An Architect's View

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An Architect's View

Entries Tagged as bluedragon

Open Source BlueDragon - cf.Objective() BOF

March 21, 2008 ·

Vince Bonfanti will be presenting a Birds of a Feather session at cf.Objective() 2008 on the Open Source BlueDragon project. New Atlanta are working hard to make an initial source code drop available, especially for cf.Objective(), so that Vince can show how to download, install, build and configure the project - and field questions about New Atlanta's thinking behind open sourcing the J2EE edition of BlueDragon, as well as discussing with the community how the project can move forward, how the license works, how the steering committee operates and so on. If you're excited about New Atlanta's recent announcement - or even just curious about how such a large open source project might work for the CF community - be sure to attend this Birds of a Feather session on Saturday evening at 7:30pm. The schedule shows it running an hour but I expect this will need more than an hour so I currently plan to keep the 8:30pm slot open immediately afterward to allow for an extended Q&A session.

Tags: bluedragon · cfobjective · coldfusion · openbd

More on BlueDragon Open Source

March 15, 2008 ·

Vince Bonfanti has posted a good explanation of several of the details and implications of opening up BlueDragon. I was pleased to see him call out my blog post about the announcement! Hopefully his post will clarify a lot of the misconceptions I've seen expressed in a number of discussions. Vince points folks to the new Open Source forum on the New Atlanta website which has a lot of good information about the details of dual licensing, the expected process for contributions and so on. I strongly encourage folks to read Vince's post and then read all the threads in the forum.

Tags: bluedragon · coldfusion · openbd · oss

Open Source BlueDragon

March 10, 2008 ·

In a move that has surprised some folks, New Atlanta has announced plans to create a free open source version of their J2EE BlueDragon product. They will continue to develop, sell and support a commercial version of it, as well as continuing the .NET version and the standalone JX version (neither of which will be open sourced).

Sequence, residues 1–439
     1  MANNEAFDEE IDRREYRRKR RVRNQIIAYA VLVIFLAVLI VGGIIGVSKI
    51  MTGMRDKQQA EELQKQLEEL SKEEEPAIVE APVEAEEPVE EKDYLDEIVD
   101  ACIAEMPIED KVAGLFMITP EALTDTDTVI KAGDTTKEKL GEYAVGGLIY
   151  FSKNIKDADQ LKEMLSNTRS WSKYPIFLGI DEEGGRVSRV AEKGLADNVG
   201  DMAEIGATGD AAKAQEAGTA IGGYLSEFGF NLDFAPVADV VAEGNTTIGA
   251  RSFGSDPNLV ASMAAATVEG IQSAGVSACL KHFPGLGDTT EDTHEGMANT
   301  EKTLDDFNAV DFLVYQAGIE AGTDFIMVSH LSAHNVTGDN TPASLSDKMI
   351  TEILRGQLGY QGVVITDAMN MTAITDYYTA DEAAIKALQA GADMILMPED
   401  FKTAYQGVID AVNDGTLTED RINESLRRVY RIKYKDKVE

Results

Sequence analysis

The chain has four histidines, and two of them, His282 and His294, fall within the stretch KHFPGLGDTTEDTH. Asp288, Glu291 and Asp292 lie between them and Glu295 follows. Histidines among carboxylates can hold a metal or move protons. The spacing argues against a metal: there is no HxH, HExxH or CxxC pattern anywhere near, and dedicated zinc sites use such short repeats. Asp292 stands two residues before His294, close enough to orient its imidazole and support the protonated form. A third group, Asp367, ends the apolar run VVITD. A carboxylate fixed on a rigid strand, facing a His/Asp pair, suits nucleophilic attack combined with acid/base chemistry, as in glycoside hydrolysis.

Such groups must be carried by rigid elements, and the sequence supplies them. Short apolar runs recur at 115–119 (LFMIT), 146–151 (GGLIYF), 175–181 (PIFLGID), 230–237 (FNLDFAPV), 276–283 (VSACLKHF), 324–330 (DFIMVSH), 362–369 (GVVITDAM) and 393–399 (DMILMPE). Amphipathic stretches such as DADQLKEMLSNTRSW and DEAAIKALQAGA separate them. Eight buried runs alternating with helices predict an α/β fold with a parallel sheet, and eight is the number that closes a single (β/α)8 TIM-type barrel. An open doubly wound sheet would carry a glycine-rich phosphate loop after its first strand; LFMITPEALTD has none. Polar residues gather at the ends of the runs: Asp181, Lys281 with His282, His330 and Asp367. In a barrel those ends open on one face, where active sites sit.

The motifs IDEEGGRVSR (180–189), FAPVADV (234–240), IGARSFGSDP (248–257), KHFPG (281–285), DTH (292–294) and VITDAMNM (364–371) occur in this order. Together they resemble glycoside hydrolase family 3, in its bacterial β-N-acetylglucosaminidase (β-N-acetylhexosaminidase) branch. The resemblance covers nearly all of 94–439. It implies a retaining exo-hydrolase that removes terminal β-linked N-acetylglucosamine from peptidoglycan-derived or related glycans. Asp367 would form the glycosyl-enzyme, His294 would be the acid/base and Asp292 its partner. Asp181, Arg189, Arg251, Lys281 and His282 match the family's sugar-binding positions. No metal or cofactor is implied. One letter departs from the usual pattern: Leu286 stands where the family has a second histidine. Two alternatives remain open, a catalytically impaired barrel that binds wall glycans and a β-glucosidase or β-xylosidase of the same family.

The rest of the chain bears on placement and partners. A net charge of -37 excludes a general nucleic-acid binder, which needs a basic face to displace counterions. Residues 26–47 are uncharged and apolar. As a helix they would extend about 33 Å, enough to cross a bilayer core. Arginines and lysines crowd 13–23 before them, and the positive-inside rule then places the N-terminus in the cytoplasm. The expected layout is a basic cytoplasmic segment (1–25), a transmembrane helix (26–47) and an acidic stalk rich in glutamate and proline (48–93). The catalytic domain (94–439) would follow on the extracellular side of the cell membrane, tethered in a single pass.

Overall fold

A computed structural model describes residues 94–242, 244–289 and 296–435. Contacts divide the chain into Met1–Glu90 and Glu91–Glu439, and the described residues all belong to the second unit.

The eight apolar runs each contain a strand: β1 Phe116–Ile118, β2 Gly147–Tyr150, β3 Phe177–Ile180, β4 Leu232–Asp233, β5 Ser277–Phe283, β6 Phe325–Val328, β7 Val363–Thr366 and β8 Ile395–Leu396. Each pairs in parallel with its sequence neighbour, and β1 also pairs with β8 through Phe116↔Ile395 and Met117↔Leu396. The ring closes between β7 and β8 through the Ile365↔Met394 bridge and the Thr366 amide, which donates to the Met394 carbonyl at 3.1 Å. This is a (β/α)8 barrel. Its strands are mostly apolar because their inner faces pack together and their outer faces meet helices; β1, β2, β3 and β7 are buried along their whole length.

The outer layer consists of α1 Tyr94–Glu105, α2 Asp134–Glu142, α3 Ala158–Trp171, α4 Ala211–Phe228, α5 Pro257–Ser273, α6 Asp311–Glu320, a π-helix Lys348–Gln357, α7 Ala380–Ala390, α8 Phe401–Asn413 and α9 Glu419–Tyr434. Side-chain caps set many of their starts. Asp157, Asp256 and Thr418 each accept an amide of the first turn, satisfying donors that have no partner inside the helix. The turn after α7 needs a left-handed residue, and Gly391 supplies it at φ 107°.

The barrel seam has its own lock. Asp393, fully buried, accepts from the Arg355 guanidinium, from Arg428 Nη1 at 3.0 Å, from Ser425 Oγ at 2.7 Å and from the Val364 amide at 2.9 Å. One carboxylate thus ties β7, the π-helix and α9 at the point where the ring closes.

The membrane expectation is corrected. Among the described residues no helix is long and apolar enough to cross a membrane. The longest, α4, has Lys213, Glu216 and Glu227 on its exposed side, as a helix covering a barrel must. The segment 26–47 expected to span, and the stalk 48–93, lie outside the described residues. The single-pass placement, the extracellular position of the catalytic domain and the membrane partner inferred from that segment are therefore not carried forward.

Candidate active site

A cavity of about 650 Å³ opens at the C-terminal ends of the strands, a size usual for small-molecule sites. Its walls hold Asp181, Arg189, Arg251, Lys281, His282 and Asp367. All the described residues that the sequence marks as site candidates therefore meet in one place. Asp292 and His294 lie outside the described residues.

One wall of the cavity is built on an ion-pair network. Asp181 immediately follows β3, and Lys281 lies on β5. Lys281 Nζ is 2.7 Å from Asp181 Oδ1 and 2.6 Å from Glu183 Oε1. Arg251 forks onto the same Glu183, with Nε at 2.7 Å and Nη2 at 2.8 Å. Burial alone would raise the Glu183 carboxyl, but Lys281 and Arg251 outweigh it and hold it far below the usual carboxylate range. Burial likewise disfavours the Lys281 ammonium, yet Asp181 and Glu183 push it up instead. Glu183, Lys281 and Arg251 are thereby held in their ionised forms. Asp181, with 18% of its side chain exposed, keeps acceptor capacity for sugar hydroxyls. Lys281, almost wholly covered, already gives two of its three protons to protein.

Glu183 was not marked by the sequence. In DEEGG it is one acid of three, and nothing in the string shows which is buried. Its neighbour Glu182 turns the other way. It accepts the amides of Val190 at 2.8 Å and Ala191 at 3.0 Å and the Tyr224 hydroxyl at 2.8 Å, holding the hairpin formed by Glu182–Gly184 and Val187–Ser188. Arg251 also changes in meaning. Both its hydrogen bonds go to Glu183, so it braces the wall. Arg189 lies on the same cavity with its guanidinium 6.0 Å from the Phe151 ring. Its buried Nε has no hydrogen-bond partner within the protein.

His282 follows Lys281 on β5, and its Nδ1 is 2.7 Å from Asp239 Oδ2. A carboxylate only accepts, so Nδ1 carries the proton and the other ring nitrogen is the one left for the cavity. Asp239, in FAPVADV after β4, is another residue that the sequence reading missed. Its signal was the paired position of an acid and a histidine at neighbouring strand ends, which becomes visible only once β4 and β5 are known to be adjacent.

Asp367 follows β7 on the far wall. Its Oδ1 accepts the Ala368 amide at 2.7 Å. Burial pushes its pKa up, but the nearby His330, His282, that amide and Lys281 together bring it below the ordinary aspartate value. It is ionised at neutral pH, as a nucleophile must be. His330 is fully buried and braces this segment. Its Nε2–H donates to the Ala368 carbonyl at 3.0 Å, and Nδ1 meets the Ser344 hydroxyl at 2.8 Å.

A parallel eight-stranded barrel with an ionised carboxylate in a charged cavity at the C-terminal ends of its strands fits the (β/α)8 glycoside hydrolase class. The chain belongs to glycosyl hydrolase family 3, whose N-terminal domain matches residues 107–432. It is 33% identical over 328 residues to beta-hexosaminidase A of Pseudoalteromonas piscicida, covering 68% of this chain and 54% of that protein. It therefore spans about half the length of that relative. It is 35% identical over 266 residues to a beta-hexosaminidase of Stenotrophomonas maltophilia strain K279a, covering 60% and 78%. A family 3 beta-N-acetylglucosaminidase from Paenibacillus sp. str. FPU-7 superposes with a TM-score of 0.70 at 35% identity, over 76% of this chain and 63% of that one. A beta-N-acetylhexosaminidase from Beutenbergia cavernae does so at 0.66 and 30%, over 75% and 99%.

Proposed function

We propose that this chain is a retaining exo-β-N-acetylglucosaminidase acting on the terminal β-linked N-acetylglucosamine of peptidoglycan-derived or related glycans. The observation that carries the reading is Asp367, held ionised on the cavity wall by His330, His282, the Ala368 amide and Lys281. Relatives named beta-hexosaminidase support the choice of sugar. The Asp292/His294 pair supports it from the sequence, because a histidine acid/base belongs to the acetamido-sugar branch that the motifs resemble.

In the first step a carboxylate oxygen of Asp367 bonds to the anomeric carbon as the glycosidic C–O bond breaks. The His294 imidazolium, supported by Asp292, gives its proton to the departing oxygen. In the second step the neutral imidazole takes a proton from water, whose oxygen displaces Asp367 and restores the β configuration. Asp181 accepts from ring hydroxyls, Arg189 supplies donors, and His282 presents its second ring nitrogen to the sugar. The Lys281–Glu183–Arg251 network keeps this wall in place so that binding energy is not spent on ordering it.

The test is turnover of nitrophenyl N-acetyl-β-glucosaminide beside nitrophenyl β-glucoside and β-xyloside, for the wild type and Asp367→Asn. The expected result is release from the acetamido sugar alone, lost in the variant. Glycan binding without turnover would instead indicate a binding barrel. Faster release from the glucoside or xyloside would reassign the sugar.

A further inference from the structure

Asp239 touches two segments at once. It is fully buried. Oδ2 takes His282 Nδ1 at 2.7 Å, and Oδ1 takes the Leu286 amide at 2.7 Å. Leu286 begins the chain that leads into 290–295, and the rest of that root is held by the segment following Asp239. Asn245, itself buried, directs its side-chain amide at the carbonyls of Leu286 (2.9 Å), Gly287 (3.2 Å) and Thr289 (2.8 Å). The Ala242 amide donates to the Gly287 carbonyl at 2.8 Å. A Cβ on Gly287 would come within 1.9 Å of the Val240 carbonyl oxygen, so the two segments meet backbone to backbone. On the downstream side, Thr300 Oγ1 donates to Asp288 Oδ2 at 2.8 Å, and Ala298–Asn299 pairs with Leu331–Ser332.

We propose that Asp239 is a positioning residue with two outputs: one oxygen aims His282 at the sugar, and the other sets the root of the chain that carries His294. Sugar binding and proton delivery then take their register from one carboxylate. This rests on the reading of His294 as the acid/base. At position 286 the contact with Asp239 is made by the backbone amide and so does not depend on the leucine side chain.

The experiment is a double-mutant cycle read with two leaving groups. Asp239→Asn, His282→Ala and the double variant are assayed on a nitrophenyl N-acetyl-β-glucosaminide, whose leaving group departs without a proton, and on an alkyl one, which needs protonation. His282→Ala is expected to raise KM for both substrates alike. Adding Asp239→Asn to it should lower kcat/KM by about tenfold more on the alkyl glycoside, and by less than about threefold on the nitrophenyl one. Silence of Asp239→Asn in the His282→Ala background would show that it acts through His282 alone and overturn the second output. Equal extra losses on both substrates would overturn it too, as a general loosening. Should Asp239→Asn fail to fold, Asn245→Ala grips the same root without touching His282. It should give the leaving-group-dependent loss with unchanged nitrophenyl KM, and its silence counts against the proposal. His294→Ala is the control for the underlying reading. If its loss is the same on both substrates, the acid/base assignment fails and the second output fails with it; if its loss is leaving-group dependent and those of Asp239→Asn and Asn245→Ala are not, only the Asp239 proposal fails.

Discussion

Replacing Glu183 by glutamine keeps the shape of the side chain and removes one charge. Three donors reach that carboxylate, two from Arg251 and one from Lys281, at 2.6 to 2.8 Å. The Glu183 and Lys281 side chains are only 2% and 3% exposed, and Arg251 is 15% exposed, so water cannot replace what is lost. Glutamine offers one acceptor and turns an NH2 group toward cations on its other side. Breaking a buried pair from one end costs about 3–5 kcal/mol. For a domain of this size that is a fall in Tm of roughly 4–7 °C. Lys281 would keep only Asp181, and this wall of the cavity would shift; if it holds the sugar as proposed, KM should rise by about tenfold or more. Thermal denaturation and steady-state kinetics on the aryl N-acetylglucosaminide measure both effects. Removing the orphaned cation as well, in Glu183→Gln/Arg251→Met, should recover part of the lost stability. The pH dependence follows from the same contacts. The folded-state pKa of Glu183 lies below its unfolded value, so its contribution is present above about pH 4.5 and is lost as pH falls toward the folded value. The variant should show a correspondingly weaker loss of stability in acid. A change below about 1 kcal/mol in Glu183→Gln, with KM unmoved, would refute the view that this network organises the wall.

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Tags: bluedragon · coldfusion · openbd · oss

Vista Upgraded

January 30, 2008 ·

As folks know, I bought Vista to run on VMware Fusion on my MacBook Pro. I'd felt it was slow and bloated but I figured I'd give it a good run to really make up my mind. What I like about Vista:

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Tags: bluedragon · coldfusion · microsoft

Vista, IIS7 and BlueDragon

August 08, 2007 ·

As you might have gathered from my recent posts, I'm trying to set up a full-blown development environment on Vista, just to see how I get on and to compare it with my regular development environment on OS X. Having beaten SQL Server Express into submission after much pain, I figured I'd talk about my experiences getting BlueDragon 7 .NET installed and running. First off, I knew that IIS was not enabled by default but poking around in what I thought were the obvious places didn't give me any clues about how to enable it. Google quickly directed me to a tech note (on MSDN or Microsoft's support site) that showed me the way. The more I work with Vista, the less I like the new Control Panel layout compared to XP. Anyway, I enabled IIS per the instructions and verified that I could access it locally. A quick tweak to the firewall allowed me to access it from OS X as well. All good so far and not too painful. Now that IIS 7 was running, I figured BD7.NET would be a simple install. The install went fairly smoothly but IIS7 refused to serve any pages up afterward. The friendly error message pointed at a problem with applicationHost.config so I tracked that file down (another Google search) but couldn't figure out how to open it (because of security restrictions). Another Google search revealed that I needed to locate Notepad in the Start Menu and right-click Run As Administrator and then Open... and navigate back to the configuration file. By pure guesswork, I changed:
<location path="" overrideMode="Allow">
which wraps the BD-installed handlers to:
<location path="Default Web Site" overrideMode="Allow">